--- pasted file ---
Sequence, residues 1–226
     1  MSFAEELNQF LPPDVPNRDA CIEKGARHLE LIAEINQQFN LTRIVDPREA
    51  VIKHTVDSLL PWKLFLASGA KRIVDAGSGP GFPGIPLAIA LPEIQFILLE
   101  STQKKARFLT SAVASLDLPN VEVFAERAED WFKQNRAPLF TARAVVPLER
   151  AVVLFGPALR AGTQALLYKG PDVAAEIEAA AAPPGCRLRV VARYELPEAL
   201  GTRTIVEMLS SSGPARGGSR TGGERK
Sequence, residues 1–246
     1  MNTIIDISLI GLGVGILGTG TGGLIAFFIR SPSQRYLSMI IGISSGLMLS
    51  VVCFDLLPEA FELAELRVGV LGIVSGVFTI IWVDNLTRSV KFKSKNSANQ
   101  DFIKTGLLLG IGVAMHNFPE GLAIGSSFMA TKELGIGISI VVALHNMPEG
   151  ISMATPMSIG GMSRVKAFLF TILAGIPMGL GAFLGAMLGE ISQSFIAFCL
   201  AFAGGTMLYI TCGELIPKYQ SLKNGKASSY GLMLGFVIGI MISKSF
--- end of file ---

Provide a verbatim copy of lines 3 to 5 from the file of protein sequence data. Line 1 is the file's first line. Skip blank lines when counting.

    51  VIKHTVDSLL PWKLFLASGA KRIVDAGSGP GFPGIPLAIA LPEIQFILLE
   101  STQKKARFLT SAVASLDLPN VEVFAERAED WFKQNRAPLF TARAVVPLER
   151  AVVLFGPALR AGTQALLYKG PDVAAEIEAA AAPPGCRLRV VARYELPEAL